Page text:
Seven of the 13 Florida A&M University band members charged yesterday for the hazing death of drum major Robert Champion turned themselves in to authorities Thursday.
The suspects include Bryan Jones, 23, of Parrish, Fla., who was arrested on felony hazing charges in Hillsborough County and released after posting $15,000 bond, according to a WKMG News report. Jesse Baskin 20, and Benjamin McNamee, 21, were also arrested and taken to the Miami-Dade County jail. In addition, Shawn Turner, 26, was arrested in Gadsen County, and Harold Finley, 20, was arrested in Hillsborough County. All have been charged with one count of felony hazing. Baskin, McNamee and Turner posted $15,000 bond, reports said.
Of the two people arrested Wednesday, Caleb Jackson, 23, charged with hazing resulting in death, remains incarcerated in the Leon County jail, according to reports. Another band member, Rikki Wills, 24, was arrested but made bail, according to reports. Bond for both had been sent at $15,000.
In the case that has put a spotlight on college hazing rituals, Champion, an Atlanta native, died in November after being beaten on a bus following the Marching 100 band performance at the Florida Classic football game in Orlando, Fla.
Now, nearly six months after that incident, 11 suspects face a hazing-resulting-in-death charge, which is a third-degree felony. The other two face hazing charges, a first-degree misdemeanor, according to documents released Wednesday by the Florida state attorney's office. The charge for hazing resulting in death carries a sentence of up to six years in prison for those found guilty who do not have previous records, State Attorney Lawson Lamar said during a press conference Wednesday in Orlando.
That reality may hold sobering significance for Jackson, who has had previous brushes with the law, with at least six charges from events in 2009 and 2010 in Tallahassee. He was charged by the Tallahassee Community College police with aggravated battery with the threat to do violence and with trespassing on school property following an incident in September 2009. FAMU police charged him with disorderly conduct following a January 2010 incident. And Tallahassee police charged him with domestic violence following an incident in September 2010.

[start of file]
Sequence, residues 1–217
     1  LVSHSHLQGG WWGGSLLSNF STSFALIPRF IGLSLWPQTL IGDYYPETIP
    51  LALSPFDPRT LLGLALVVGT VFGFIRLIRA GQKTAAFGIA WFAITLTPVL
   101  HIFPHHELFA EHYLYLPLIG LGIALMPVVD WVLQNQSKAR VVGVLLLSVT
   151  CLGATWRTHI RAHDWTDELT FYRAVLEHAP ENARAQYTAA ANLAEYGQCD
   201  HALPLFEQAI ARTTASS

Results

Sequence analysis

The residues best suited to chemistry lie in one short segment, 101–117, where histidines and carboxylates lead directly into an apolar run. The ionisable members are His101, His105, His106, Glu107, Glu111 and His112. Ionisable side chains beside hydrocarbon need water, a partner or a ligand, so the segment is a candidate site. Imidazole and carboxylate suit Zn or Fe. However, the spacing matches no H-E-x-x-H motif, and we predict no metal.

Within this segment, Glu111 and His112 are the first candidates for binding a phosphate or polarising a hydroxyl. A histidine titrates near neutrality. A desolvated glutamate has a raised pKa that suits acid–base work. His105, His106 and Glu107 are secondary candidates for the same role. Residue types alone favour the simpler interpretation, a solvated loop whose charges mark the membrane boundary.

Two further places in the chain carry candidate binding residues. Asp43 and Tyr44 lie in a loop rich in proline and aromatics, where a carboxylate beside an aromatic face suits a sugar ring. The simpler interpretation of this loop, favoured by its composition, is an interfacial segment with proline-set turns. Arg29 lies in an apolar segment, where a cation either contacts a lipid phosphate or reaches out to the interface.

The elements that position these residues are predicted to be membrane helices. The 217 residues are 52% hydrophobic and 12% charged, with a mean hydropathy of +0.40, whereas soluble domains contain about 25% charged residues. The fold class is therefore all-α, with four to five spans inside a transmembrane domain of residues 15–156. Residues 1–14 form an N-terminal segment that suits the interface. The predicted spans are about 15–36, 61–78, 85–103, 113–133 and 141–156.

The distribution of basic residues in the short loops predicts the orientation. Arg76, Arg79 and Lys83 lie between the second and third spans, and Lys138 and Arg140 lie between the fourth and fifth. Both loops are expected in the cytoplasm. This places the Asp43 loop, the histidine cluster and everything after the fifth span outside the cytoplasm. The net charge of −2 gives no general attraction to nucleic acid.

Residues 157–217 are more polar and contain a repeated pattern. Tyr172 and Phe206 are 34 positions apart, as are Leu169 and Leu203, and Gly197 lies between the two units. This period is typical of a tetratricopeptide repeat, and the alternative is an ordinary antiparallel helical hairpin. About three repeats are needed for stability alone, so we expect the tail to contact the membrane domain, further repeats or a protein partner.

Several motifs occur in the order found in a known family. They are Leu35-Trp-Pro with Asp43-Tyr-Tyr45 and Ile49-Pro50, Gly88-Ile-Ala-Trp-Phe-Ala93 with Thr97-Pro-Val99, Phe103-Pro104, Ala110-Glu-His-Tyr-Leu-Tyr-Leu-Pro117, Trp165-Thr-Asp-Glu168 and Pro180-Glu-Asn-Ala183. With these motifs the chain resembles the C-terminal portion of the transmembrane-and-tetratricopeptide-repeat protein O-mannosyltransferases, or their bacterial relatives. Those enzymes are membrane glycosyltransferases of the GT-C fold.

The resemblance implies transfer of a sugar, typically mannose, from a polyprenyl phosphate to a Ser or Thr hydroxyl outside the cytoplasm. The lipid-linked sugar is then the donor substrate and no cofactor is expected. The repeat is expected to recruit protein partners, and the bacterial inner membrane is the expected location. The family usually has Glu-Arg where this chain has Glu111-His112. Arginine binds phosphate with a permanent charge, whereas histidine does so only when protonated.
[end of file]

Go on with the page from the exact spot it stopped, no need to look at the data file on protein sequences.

Officials at FAMU would not say how they would handle the students who have been charged in the hazing death that has focused a national spotlight on the college, often recognized for its business, journalism and engineering programs. "Upon administrative and legal review of any and all official law-enforcement documents publicly released or shared, Florida A&M University will initiate proceedings against those involved as appropriate and to the fullest extent lawfully possible," wrote Avery McKnight, vice president for legal affairs and general counsel, in an email to The Root.
The university had suspended four students last fall who were said to have been directly involved in the hazing death of Champion. Those suspensions were rescinded when school officials decided to wait for the outcome of the state's investigation before taking action on the students' enrollment status.
FAMU also suspended the Marching 100 band and membership intake into other campus organizations while it grapples with its approach to ending the culture of hazing that has permeated the band and other campus groups. Peter McKay, a 1997 FAMU grad who started the FAMU Hazing Blog, said the band should be suspended for a long time, "but I know I am probably in the minority on that." Other organizations, McKay said, have been "kicked off campus for less, and no one was killed."
In 2007 two members of the Kappa Alpha Psi chapter at FAMU were sentenced to prison for beating a pledge so severely that he required medical attention. The fraternity was suspended from campus until 2013, according to reports.
Since the death of Champion, other incidents of hazing in the band have surfaced. Bria Hunter, a FAMU freshman, went to the hospital with injuries from hazing last fall, and arrests were made earlier this year in that case.
Chris Chestnut, an attorney representing the family of Champion, said FAMU officials haven't listened to the warnings and the pleas to stop hazing on the campus. "The university is supposed to protect and educate its students," Chestnut said. "They have failed."
He has filed a notice to sue the university on behalf of the parents. (In Florida a notice must be filed at least six months prior to the action against a public entity, he said.) In addition, Chestnut has filed a lawsuit against the company that provided the bus on which the hazing is said to have taken place.
Champion, who was poised to lead the band next year as head drum major, went through a ritual called "Crossing the C Bus," witnesses have told investigators. At least 30 people were on the bus that night; several were beaten and one died, Chestnut said.
Champion's parents are pleased that charges have finally come in the case, but they were hoping for more, according to Chestnut. "They wanted murder charges," he said. "In their minds, their son has been murdered."
Denise Stewart is a freelance writer in Alabama.